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I've tried using linux rescue to get into GRUB and I received a message saying "access denied". I'm installing dual operating systems on my computer, W2k & Fedora Core, on separate hard drives. Any advice? Thanks in advance.
Ok, sounds like something happened to your comp and you need to fix something.
1. typing linux rescue from cd #1 will try to mount your / onto a partition so that you can do maintenance. I don't know exactly which part you are stuck on but it should be self-explanatory from the help screens. So, perhaps you may need to explain more on this part. Like what do you see? Do you see a prompt of any sort? Is the screen black? Can you type? Any message on the screen that you are stuck on?
2. Another attempt to fix your comp without linux rescue is to go to single user mode (init 1). Ok, so you reboot your machine and GRUB shows you which kernel it's going to load within its 10 second delay. Immediately press 'e' and then pick the one that shows "kernel" and type 'e' again. Now you are shown the kernel line, go to the very end, add a space, and append the word "single" (without quotes). Now press 'b' and it will boot to single user mode.
Fedora rescue will mount your / under /mnt/sysimage. If for some reason your Grub got wiped you could try to reinstall it. To do so you first need to change root to the system root (not the one you use throught the rescue CD) You can do that by typing "chroot /mnt/sysimage". Provided you haven't got a seperate /boot partition you should now be able to invoke 'grub-install' (if not you may need to mount the /boot partition first). In order to install Grub to the MBR you should add the parameter '/dev/hda' (check the man pages if in doubt).
Thanks for the responses everyone. I apologize for being so vague. I'll try to be more specific.
Here's where I'm at...
Grub is fine & seems to be working properly. I went throught these steps (I think I found them on this web site):
"From here you can try to find out which drive grub thinks is first and which is second in the boot order. Try typing "kernel (hd" and then pressing tab:
grub> kernel (hd<tab>
You should see the possible completions that grub can find. Drive 0 (hd0) could be either C: or L: (in FC1, hda or hdb) depending on your partitions. If you post your partition layouts for both physical drives and which cables and IDE channels they are connected to, it would help us. The output should look something like this:
grub> kernel (hd
Possible disks are: hd0 hd1
grub> kernel (hd
So now add a character (0, 1, 2, whatever you want to try). Here is what I see:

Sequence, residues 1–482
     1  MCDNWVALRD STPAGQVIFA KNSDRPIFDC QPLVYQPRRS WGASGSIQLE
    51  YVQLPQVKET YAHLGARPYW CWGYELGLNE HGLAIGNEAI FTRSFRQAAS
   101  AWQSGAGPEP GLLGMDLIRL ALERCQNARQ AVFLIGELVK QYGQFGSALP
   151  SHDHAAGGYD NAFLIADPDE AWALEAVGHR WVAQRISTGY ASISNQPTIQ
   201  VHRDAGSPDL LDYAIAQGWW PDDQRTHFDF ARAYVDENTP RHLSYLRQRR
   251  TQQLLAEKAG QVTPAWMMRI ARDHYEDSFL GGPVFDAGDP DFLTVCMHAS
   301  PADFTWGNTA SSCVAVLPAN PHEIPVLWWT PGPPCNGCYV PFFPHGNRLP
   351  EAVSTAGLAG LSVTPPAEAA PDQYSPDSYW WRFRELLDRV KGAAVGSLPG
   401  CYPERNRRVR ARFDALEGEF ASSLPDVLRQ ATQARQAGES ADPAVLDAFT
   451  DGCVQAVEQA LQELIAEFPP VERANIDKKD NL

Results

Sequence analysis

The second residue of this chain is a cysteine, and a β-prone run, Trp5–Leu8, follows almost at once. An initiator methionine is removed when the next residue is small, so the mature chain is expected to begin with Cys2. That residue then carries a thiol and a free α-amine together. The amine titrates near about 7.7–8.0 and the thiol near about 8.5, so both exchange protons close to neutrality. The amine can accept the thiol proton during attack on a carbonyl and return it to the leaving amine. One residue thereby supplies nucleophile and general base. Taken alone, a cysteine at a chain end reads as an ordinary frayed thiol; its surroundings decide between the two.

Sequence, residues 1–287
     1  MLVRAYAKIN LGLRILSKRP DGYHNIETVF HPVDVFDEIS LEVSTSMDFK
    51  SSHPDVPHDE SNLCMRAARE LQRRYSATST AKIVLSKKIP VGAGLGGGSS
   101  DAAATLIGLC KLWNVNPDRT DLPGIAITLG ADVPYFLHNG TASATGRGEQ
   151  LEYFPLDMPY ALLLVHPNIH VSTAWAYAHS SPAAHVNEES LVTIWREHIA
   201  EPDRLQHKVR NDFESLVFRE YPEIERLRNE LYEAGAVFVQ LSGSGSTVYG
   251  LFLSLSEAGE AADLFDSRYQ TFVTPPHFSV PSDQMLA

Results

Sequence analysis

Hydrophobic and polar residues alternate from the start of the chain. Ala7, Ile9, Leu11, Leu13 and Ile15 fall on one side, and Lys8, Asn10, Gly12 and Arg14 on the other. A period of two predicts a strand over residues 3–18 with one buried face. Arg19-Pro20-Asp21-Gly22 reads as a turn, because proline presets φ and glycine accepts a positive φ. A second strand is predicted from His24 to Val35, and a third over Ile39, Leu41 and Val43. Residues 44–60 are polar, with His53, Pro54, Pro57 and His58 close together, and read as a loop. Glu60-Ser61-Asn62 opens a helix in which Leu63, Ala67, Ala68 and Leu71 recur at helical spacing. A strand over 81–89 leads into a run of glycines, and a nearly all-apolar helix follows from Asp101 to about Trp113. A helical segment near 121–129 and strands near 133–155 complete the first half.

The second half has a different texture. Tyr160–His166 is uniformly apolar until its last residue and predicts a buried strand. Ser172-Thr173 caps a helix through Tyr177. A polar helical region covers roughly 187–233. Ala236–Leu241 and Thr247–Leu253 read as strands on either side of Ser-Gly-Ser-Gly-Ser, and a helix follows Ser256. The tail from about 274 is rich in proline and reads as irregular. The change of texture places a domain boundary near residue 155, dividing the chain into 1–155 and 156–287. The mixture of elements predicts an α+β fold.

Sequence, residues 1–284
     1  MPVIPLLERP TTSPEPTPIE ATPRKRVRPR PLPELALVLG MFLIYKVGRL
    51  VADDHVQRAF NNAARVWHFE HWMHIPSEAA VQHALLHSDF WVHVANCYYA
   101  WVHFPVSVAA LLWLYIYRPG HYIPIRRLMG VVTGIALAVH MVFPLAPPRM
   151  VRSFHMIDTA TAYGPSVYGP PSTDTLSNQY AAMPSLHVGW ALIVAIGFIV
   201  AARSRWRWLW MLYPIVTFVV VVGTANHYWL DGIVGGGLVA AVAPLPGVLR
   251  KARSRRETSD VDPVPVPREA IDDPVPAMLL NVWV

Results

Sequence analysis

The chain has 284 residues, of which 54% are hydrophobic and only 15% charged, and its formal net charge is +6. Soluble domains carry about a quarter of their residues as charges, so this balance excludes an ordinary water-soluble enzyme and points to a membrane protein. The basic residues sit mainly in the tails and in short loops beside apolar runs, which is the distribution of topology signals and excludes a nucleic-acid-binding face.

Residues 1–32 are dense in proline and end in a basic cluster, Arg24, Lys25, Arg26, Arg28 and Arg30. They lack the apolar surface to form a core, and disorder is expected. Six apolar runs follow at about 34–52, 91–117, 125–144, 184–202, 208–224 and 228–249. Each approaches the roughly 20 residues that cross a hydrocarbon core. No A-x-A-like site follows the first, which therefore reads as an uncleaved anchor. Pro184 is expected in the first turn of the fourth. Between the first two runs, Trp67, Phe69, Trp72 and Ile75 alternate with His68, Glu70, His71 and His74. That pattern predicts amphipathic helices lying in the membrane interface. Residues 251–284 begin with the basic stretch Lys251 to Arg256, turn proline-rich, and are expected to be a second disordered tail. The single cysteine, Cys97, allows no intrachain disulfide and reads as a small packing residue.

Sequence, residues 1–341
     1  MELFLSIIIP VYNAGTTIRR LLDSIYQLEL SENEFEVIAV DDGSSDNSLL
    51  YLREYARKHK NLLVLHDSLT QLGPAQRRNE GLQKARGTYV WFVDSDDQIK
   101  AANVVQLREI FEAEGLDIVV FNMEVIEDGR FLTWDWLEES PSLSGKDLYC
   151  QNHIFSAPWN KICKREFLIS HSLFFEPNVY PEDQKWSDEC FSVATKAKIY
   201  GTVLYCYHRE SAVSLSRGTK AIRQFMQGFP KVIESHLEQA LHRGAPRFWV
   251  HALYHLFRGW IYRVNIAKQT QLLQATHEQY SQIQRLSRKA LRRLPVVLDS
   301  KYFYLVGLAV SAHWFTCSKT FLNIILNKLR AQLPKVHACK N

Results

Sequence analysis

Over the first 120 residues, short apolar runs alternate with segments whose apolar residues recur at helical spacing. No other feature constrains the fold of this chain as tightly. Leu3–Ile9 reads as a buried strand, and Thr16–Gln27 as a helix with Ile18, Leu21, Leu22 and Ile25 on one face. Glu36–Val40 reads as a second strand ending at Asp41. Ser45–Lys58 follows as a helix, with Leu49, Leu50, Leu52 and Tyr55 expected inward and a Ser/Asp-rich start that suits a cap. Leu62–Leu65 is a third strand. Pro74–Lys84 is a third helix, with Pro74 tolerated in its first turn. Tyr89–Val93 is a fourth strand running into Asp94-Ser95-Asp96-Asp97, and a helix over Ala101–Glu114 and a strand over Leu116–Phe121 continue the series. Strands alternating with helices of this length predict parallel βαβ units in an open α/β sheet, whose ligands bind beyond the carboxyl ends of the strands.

grub> kernel (hd
Possible disks are: hd0 hd1
grub> kernel (hd0,<tab>
Possible partitions are:
Partition num: 0, Filesystem type vfat, partition type 0x0a
Partition num: 1, Filesystem type unknown, partition type 0x82
Partition num: 2, Filesystem type unknown, partition type 0x83
grub> kernel (hd0,0)/<tab>
foo sandbox junk.txt
Using this method, you can explore your drives using grub and see where files live and which drives contain the data you want.
The problem we are looking for is this, what looks like (hd0) in grub at boot time, might look like (hd1) in grub when the system is up and running (i.e. start grub and do the same thing from within Linux and see if the drives have been reordered). This would account for the problem you see where installing grub to the MBR is actually installing it elsewhere.
Now that you can find your Linux partitions using grub, let's try to boot your FC1 Linux installation.
Use the command 'configfile' and the tab completion to try and locate the grub.conf or menu.lst file. It should be in the 'boot' directory on your root Linux partition, or on it's own partition if you created a separate partition for boot.
grub> configfile (hd1,0)/grub/menu.lst
Press an arrow key before the timeout expires so we can examine the entries.
Highlight your FC1 entry and type 'e'. This will allow you to edit the entry and view the hard drive that it is trying to boot from. You should see some entries like this (after pressing 'e' once).
In this example, the root drive is (hd0). If this doesn't match where you found the menu.lst file, then you will want to change it. You can use tab completion to help find the vmlinuz-2.4.22-1.2115.nptl file, your kernel, and make sure that root is set to be the drive where the kernel is found. For example, if you find the menu.lst on (hd1,0) and the kernel there too, set root to (hd1,0).
Press 'e' while 'root (hd0,9)' is highlighted and edit it to read 'root (hd1,0)'. Then press enter and you'll see all the entries again. Then, since the root is now properly set, you should be able to press 'b' to boot.
Your Linux installation should now boot."
Is anyone familiar with these steps? The problem seems to be the "menu.list". It did not show up when I entered "grub> configfile (hd1,0)/grub/menu.1st" command (it responded with "file not found"). Might this be due to faulty installation or am I looking in the wrong place? From reading these directions, it should be in the same place as the kernel vmlinuz file. If it is in a different place, is there a way to find it?